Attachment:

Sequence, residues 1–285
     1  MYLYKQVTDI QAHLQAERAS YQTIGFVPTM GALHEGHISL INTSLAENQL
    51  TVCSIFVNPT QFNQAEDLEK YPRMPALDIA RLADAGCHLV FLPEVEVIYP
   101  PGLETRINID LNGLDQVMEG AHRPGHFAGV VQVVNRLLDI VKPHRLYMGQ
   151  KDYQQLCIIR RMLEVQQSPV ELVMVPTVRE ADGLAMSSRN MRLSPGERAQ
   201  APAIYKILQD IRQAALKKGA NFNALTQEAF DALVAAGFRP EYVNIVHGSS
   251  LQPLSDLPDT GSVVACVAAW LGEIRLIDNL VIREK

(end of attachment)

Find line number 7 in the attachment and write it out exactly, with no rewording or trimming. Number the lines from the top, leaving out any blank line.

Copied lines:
   251  LQPLSDLPDT GSVVACVAAW LGEIRLIDNL VIREK